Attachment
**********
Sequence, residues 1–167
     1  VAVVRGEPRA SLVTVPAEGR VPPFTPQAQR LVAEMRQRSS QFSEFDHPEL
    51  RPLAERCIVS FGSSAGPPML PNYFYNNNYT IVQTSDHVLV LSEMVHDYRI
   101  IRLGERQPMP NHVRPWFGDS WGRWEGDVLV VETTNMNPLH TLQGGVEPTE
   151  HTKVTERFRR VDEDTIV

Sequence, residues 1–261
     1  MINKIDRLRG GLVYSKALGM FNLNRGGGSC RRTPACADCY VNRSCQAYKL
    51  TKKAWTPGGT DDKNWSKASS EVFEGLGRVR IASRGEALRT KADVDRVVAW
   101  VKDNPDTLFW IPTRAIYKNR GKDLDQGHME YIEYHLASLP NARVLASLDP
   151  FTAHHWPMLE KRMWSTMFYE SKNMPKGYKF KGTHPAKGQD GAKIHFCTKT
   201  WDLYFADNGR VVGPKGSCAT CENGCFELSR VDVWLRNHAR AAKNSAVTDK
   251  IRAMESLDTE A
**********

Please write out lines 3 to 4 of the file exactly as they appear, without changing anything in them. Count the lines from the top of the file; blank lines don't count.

    51  RPLAERCIVS FGSSAGPPML PNYFYNNNYT IVQTSDHVLV LSEMVHDYRI
   101  IRLGERQPMP NHVRPWFGDS WGRWEGDVLV VETTNMNPLH TLQGGVEPTE